Increasing evidence has revealed crucial roles of PcG proteins in myriad biological processes, including self-renewal, differentiation, cell-cycle control, senescence, and gene expression and imprinting,7,8,16,17 all of which have been linked to oncogenesis when deregulated. Notably, PcG genes were found mutated in B-cell malignancies. B lymphoma Mo-MLV insertion region 1 homolog (BMI1, also known as polycomb group ring finger 4 or PCGF4 [Figure 1]) was originally isolated as a gene upregulated in murine B-cell lymphomas18; recurrent gain-of-function mutations of EZH2 were identified in germinal center (GC) B-cell lymphomas.4,19,20 Here, we focus on deregulations of PcG and cofactors during the initiation and development of B-cell malignancies. We also discuss the interplays between PcG and other epigenetic regulators such as microRNAs (miRNAs), histone deacetylases (HDACs), and DNA methytransferases (DNMTs). Finally, we summarize recent progress in development of PcG-specific inhibitors as novel therapies of B-cell malignancies.

Biological function of PcG proteins in B-cell development and lymphomagenesis

The development and differentiation of B-cell lineages initially occur with progenitor B-cell expansion and V(D)J gene rearrangement, a DNA recombination process that produces clonally unique, immunoglobulin variable regions for antigen recognition.21 Upon antigen stimulation, B cells undergo activation through proliferation, somatic hypermutation, and antibody class switching, which occur in the GCs of secondary lymphoid tissues. A proliferative feature of GC B lymphocytes, with concomitant attenuation of their DNA damage repair function and ongoing somatic hypermutation, increases the likelihood of oncogenic mutation, genomic instability, and subsequent lymphomas. B-cell development is tightly controlled by genetic and epigenetic mechanisms, including DNA methylation, histone modification, chromatin remodeling,22 and noncoding RNAs.23 During normal B-lymphocyte differentiation, expression of PRC1 and PRC2 genes shows a restricted, stage-specific pattern. BMI1 and its PRC1 partners are primarily detected among resting B cells in the GC mantle zone and in nondividing centrocytes of the GC follicles; these PRC1 genes are silenced in proliferating follicular centroblasts, which then express the PRC2 genes instead.24-26 In contrast, lymphomas generally lose such a mutually exclusive expression pattern, and altered expression of PRC1 and PRC2 genes is a general theme in lymphomas, including diffuse large B-cell lymphomas (DLBCL),27 follicular lymphomas (FLs), and mantle cell lymphomas (MCLs).28 These findings suggest essential regulatory roles of PRC1 and PRC2 in both normal B-lymphocyte development and lymphoma pathogenesis.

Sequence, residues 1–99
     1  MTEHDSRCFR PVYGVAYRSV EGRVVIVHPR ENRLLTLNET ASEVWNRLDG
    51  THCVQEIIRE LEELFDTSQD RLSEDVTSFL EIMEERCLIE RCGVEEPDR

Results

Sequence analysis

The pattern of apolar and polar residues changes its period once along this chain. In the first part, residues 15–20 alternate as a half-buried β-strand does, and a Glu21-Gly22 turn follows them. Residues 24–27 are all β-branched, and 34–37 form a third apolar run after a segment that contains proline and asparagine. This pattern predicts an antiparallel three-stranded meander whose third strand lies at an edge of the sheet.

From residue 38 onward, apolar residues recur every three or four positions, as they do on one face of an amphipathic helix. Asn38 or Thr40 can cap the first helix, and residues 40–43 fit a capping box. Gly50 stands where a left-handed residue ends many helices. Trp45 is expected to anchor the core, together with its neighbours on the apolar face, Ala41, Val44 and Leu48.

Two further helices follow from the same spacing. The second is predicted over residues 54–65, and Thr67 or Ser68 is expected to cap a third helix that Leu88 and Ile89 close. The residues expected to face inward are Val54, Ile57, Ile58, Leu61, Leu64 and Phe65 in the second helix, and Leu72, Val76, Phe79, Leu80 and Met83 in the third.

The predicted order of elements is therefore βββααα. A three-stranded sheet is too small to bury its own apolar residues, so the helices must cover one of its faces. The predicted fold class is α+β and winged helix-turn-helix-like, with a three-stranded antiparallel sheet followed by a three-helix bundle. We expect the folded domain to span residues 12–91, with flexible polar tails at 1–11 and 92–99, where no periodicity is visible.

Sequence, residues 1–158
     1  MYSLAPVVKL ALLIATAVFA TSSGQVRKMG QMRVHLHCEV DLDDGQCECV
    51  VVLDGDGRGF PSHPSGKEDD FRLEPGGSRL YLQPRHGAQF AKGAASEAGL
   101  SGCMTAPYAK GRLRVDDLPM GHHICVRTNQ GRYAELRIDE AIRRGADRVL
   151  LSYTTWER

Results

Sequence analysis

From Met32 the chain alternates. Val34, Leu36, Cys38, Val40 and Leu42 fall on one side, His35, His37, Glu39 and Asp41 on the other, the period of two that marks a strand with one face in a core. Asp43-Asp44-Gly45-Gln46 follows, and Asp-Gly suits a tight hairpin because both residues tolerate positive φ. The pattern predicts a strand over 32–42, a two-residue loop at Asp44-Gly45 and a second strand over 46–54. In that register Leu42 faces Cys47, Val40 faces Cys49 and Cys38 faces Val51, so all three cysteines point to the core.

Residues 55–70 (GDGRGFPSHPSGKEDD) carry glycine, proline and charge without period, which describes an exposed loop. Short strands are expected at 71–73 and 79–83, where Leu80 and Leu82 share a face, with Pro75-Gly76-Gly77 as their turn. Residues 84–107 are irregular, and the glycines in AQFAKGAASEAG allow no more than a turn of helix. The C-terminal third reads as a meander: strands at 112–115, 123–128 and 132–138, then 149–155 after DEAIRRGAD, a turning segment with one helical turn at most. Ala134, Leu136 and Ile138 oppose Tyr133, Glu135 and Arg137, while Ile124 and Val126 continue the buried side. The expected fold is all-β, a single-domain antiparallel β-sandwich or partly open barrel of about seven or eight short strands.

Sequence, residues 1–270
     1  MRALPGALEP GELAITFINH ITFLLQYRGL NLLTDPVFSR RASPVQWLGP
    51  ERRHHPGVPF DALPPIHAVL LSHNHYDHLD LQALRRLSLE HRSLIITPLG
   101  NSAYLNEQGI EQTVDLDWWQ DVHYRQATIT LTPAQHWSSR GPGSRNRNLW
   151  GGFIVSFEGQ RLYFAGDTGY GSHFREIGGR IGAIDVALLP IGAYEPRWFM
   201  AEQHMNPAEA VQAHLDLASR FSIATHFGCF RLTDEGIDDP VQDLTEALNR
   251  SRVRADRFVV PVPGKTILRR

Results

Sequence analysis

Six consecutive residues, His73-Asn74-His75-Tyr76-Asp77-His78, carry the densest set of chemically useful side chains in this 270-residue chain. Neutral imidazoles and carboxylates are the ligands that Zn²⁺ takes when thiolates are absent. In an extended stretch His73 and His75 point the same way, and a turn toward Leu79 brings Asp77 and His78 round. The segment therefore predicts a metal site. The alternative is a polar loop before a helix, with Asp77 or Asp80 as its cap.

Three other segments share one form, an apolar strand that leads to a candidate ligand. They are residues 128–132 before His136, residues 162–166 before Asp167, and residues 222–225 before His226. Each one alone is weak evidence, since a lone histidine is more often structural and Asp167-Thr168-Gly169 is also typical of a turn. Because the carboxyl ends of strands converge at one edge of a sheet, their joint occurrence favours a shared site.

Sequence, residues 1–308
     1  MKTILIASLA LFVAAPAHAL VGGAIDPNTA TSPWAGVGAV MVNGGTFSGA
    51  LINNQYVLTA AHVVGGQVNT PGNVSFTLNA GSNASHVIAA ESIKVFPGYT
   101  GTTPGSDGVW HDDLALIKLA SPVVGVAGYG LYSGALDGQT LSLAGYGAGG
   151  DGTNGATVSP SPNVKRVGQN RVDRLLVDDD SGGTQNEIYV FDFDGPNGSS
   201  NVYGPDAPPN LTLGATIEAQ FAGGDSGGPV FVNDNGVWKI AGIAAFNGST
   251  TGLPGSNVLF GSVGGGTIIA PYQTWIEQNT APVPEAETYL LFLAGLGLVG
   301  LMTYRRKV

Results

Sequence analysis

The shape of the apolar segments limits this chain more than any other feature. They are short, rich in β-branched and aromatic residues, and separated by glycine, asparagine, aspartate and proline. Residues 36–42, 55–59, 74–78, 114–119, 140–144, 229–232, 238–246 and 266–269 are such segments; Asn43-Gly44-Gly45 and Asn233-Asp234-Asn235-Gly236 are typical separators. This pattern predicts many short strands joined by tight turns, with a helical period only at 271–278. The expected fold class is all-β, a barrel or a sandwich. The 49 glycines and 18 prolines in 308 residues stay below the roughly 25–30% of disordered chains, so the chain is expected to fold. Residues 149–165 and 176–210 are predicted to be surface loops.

PRC1 in B-cell development and lymphomagenesis

BMI1

Bmi1 (also known as PCGF4 [Figure 1]) was initially discovered from a locus activated by viral integration in murine lymphomas.18 BMI1 controls a range of B-cell developmental genes, including lineage master regulators Ebf1 and Pax5.29 Bmi1 deficiency causes conversion of the “bivalent domain” states associated with Ebf1 and Pax5 to a monovalent active state, resulting in their premature expression and accelerated lymphoid differentiation.29 BMI1 also directly represses expression of the tumor suppressors p16Ink4a/p19Arf and p15Ink4b; therefore, BMI1 overexpression prevents c-MYC–mediated apoptosis and was sufficient to induce lymphoma, a process further accelerated by c-MYC.18,30 Furthermore, BMI1 represses the proapoptotic genes Noxa and Bim, supporting its prosurvival role in B-cell development and lymphomas.31,32 In human B-cell lymphomas, BMI1 overexpression is common in almost all subtypes.33 Expression of BMI1 alone or in combination with EZH2 characterizes aggressive B-cell lymphomas with unfavorable prognosis.27,33,34 Recently, a novel t(10;14)(p12;q32) translocation was identified in chronic lymphocytic leukemia and MCLs leading to IgH-BMI1 rearrangement and BMI1 overexpression35; IgH-BMI1 rearrangement was acquired during tumor high-grade transformation and correlated with chemoresistance.35 Transcriptome analyses of multiple cancers found that BMI1-driven gene signatures define a phenotype of cancer stem cells,36 suggesting that BMI1 confers malignant cells with features of cancer stem cells, the rare cancerous subpopulations that confer drug resistance and regeneration abilities.16,37 Indeed, BMI1-mediated repression of p16Ink4a/p19Arf was shown to be essential for self-renewal of hematopoietic stem cells.38 Overall, these studies support critical roles of BMI1 in promoting lymphoma progression and conferring therapy resistance.

Other PRC1 factors